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How to Grow Amazing Fall Broccoli

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It’s time to plant your fall broccoli! Here are a few tips for a healthy and delicious crop…

While you may be able to grow broccoli in the spring and summer depending on your climate, in many areas, broccoli is a crop that does best in the fall. When the plant matures during cooler weather, you tend to get a sweeter flavor, larger and more compact heads, and fewer problems with bolting caused by heat.

We are trying broccoli this year for the first time. Since we lost all of our squash plants to bugs this year, I had several now-empty hay bales sitting in the garden that I wasn’t sure what to do with. I had some broccoli seed that I had never planted and didn’t think I had space for, so I thought that might be an interesting way to occupy our leftover hay bales! I will let you know how it goes after following these tips…

When To Plant

You can easily figure the perfect time to plant broccoli seeds this fall. If you want to sow seeds directly in the garden, do so about 85 to 100 days before the average first fall frost in your area. If you prefer to grow from transplants, figure the date for getting your plants in the ground by adding 10 days to the “days to maturity” for the variety you’re growing and then counting backwards from your expected first fall frost date.

Where To Plant

Broccoli grows best in full sun and where the soil is slightly acidic—with pH between 6.0 and 6.8—fertile, and well-drained, yet consistently moist and rich in organic matter. The right pH and the organic matter help ensure that nutrients, particularly essential micronutrients like boron, are readily available. A boron deficiency can cause broccoli to develop hollow stems, but adding too much is toxic to plants, so a soil test is essential…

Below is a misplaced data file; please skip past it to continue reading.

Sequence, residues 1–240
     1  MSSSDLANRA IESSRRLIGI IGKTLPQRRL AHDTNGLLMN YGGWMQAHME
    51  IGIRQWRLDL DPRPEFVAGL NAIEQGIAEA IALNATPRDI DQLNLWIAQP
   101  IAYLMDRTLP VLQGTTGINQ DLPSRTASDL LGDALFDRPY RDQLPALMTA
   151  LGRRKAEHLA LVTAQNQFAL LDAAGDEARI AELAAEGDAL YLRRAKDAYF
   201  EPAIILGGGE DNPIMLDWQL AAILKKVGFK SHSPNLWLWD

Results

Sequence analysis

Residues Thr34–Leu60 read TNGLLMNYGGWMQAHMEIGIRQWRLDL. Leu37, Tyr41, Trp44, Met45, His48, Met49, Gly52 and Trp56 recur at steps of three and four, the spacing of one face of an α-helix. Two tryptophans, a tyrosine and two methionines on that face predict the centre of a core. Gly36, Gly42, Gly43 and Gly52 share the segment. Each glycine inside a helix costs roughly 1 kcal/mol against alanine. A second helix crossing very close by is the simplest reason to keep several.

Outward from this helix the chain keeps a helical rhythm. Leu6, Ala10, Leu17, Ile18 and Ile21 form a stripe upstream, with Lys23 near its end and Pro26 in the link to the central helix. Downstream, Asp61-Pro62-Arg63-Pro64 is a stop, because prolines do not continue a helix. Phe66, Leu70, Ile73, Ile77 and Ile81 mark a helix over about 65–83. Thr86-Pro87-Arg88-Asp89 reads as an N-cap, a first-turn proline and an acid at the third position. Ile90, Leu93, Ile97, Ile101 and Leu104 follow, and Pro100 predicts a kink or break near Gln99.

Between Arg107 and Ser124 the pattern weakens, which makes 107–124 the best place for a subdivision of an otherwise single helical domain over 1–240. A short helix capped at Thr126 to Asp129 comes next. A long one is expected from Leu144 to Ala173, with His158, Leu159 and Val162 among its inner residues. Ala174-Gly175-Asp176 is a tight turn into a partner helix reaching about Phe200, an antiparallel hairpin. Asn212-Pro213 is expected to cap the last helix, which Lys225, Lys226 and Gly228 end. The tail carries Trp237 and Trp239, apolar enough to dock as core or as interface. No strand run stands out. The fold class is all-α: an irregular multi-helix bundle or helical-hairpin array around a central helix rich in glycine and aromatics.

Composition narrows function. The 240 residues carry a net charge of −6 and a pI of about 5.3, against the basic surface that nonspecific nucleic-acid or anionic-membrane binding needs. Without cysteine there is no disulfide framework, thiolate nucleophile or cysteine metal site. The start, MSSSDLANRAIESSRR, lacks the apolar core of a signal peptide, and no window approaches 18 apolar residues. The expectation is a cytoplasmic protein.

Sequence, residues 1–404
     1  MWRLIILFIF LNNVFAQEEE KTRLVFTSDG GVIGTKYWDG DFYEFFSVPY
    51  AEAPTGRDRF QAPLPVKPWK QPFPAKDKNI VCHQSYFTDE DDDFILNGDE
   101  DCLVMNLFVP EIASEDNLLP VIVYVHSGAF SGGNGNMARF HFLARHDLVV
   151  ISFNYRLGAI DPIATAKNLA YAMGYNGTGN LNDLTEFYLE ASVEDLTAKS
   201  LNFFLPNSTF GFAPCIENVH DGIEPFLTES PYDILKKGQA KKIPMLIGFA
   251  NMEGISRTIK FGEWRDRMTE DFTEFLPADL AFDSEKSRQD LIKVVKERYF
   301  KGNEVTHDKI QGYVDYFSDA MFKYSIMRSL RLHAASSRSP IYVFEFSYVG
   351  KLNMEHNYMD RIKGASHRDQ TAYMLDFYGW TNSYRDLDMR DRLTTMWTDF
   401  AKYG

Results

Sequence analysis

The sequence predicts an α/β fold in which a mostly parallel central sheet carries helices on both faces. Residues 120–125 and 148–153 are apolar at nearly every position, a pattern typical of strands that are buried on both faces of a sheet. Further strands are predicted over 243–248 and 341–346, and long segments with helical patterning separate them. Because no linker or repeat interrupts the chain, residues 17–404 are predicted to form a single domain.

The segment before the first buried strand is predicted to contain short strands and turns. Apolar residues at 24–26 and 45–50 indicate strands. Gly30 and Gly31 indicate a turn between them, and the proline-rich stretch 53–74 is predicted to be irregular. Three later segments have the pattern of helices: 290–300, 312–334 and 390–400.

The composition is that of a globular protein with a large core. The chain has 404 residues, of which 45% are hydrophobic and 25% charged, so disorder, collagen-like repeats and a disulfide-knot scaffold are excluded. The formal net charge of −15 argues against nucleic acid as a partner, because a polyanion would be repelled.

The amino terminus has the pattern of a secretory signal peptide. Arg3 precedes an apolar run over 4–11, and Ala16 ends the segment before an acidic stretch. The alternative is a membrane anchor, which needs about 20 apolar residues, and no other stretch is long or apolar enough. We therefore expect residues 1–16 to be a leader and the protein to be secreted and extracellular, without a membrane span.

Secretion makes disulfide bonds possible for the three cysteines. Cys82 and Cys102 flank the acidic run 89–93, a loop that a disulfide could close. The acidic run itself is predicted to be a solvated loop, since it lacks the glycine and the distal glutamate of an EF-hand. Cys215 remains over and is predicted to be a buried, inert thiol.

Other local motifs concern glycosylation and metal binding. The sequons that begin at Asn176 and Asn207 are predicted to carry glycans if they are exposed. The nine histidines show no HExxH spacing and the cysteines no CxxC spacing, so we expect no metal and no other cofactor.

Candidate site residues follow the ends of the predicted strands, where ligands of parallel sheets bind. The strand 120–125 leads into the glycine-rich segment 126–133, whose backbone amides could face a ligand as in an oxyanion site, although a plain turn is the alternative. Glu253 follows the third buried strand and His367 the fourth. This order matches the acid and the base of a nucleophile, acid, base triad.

Fall broccoli has specific spacing requirements. If you’re gardening intensively in a raised bed, space your plants 15 to 18 inches apart; for gardening in rows, set the transplants 18 to 24 inches apart within the row and space the rows 24 to 36 inches apart. Be sure to set transplants slightly deeper in the ground than they were in the pot.

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Protect Against Pests

Row covers provide some protection from pest insects, but the best protection is to grow healthy plants—and that begins with healthy soil, says Colby Eierman, director of gardens at COPIA: The American Center for Wine, Food & the Arts, in Napa. Insect pests are generally less prevalent in fall than in spring. But if your broccoli does suffer an infestation of destructive caterpillar pests such as cabbage loopers, you can control them with Bacillus thuringiensis var. kurstaki, a naturally occurring bacteria that stops the pests from chewing but is harmless to beneficial insects.

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Get more tips for growing fall broccoli at RodalesOrganicLife.com

 

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